Club News - Domestic Violence Awareness Day
Power and control are what the aggressors in abusive relationships are working to obtain. HFCC students and faculty learned about this central issue on October 30 at the Domestic Violence Awareness Program that was sponsored by the Criminal Justice Club. Judge Mark Somers of Dearborn’s 19th district court and Detective Krot of the Dearborn Police Dept. volunteered to speak at the event.
President of the Criminal Justice Club, Jihad Taleb, opened the event by welcoming Vice President of Student Affairs Dr. Jones-Harris.
“Victims are ashamed, afraid, and don’t pay attention to abuse from the person they’ve grown to love,” Dr. Jones-Harris said. There are many different types of abuse, she continued. “It doesn’t just have to be physical; it can be threats and verbal abuse that breaks you down to feel like nothing.”
Student Activities director Cassandra Fluker spoke of her experiences of dealing with students and their relationships on a daily basis.
“Re-evaluate your relationships with your boy/girlfriends. Pay attention to the red flags and don’t be scared to talk with your friends and family members about them,” said Fluker.
Honorable Judge Mark Somers spoke due to his expertise on the prosecution, and consequences for the assaulters. He shared that in 2011, there were 27,217 reports of domestic violence in Wayne County.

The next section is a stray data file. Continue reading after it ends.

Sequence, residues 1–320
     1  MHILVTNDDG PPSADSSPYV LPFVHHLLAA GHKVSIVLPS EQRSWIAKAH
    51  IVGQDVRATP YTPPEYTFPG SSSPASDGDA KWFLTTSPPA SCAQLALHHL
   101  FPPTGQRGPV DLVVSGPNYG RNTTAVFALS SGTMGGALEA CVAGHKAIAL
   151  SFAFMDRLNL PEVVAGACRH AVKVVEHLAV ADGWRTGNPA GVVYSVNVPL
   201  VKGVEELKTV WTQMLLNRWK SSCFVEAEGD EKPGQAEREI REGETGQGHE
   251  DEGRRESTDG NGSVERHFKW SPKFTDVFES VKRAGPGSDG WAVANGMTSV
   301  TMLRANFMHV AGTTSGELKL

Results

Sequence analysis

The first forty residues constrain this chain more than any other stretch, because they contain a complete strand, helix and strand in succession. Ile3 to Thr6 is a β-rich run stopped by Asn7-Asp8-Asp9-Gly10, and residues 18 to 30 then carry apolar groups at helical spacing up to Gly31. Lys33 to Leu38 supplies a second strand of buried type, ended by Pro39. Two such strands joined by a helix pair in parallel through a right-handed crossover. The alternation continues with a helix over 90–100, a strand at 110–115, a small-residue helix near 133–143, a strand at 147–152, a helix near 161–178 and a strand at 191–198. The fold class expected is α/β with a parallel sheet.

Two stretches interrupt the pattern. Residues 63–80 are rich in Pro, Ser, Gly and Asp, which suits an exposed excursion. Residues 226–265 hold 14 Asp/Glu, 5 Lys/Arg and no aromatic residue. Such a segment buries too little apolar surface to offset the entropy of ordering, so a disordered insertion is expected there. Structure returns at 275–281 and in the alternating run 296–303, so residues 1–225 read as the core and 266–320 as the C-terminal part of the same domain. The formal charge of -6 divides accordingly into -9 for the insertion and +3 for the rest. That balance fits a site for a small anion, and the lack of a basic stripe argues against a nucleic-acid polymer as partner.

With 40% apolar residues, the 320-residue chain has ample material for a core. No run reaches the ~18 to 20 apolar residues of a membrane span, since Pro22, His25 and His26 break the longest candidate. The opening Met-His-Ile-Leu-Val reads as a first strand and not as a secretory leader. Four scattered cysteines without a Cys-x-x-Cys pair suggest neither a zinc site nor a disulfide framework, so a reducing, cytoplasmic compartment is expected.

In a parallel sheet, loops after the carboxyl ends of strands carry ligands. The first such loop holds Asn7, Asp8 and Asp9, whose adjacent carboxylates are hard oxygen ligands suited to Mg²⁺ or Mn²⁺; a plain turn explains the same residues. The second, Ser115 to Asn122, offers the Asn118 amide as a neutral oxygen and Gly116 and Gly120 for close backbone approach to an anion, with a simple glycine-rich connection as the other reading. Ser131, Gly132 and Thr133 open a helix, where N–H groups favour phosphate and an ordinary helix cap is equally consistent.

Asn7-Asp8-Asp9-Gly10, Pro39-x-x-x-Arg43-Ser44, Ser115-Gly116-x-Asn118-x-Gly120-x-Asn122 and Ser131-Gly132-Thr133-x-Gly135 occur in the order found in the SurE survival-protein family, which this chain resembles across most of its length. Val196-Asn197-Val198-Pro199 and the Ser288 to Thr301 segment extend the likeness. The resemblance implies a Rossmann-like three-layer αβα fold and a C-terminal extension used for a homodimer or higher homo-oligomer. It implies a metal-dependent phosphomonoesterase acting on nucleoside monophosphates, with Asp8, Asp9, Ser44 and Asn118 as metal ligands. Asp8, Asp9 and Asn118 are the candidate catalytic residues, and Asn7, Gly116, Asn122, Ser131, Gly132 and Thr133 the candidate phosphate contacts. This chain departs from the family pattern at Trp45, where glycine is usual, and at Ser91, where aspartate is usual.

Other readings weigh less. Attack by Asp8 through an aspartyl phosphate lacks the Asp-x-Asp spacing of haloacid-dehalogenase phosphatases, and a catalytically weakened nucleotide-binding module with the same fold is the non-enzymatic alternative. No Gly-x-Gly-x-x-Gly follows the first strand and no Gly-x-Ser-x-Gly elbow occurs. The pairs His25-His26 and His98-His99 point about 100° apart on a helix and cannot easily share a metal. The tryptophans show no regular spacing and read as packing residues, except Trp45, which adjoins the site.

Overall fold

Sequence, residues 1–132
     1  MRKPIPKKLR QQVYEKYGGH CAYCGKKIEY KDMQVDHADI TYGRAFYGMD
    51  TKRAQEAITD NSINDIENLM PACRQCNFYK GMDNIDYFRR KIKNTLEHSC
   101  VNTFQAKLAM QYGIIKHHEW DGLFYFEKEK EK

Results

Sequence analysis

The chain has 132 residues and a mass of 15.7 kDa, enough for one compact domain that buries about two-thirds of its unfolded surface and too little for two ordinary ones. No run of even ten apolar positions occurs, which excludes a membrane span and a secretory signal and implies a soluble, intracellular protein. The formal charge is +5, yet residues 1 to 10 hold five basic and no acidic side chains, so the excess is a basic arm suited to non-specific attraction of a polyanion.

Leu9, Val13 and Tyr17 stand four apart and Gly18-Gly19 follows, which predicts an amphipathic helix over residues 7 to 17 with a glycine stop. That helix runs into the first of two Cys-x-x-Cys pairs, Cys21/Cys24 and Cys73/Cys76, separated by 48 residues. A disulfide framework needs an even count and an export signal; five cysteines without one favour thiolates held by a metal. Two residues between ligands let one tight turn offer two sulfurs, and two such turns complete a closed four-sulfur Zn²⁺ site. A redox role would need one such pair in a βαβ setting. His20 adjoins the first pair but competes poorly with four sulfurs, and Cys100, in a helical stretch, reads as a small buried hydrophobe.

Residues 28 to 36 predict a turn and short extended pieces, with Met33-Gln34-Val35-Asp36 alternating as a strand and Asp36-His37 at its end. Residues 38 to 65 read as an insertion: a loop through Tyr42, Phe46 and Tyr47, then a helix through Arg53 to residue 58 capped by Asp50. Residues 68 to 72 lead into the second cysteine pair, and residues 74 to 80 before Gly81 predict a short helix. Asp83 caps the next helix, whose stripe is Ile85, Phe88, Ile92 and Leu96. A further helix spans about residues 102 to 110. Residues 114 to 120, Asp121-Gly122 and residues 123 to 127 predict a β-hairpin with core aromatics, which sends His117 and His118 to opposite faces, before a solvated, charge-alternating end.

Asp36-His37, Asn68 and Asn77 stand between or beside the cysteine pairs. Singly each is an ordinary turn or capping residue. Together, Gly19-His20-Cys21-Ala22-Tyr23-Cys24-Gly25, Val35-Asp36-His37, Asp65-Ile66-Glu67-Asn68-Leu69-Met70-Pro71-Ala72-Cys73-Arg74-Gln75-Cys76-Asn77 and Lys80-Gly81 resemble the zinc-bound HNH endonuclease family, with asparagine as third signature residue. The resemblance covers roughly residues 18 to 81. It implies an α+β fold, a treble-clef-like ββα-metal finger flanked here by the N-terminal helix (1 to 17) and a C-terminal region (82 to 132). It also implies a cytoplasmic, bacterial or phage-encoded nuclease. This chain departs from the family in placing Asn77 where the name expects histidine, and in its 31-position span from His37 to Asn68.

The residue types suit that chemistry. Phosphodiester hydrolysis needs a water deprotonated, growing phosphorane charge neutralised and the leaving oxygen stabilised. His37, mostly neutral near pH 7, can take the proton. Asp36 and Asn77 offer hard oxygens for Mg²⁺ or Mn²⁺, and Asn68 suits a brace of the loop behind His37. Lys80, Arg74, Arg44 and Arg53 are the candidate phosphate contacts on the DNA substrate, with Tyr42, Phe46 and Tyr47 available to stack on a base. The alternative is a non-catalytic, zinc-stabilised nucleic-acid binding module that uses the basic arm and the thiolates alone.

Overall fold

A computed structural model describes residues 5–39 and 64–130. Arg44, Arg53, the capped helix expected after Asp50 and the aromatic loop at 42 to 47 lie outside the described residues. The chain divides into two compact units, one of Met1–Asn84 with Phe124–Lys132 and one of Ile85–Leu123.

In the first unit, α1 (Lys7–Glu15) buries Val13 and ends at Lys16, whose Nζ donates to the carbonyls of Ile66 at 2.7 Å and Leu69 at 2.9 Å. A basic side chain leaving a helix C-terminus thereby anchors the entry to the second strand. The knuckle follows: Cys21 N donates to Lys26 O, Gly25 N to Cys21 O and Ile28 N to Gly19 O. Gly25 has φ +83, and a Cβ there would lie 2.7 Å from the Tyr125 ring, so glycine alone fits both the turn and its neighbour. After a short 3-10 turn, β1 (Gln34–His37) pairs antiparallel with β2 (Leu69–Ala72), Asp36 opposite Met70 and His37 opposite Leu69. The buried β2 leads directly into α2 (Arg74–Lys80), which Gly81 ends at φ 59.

“That number is phenomenal,” said Somers.
From 2008 to 2009, only 1 out of every 4 cases of domestic violence made it to the courtroom. The jail system doesn’t always work with large numbers of similar cases. Judge Somers says he prefers to get those in need help. The majority of people charged with domestic violence are put on probation and ordered to take classes, stay a number of feet away from the victim without communication, and sometimes put on a GPS system.
“The scare of being incarcerated is more powerful at times then the actual incarceration,” said Somers.
Detective Krot spoke on her experiences with the assailants of domestic cases.
“Going on a domestic call is more serious than going on a call about a man with a gun,” said Krot. “There are so many emotions and feelings involved with those calls.”
A Power and Control Wheel that simulates aspects of domestic violence was passed around at the event and explained.
Krot added, “You can break the cycle. It doesn’t matter what your background is – you can stop [the violence].”
In consideration of the event, it’s import for students to know that there is always someone out there that can help. Never be afraid to ask questions and bring attention to harmful relationships in order for the abuse to stop.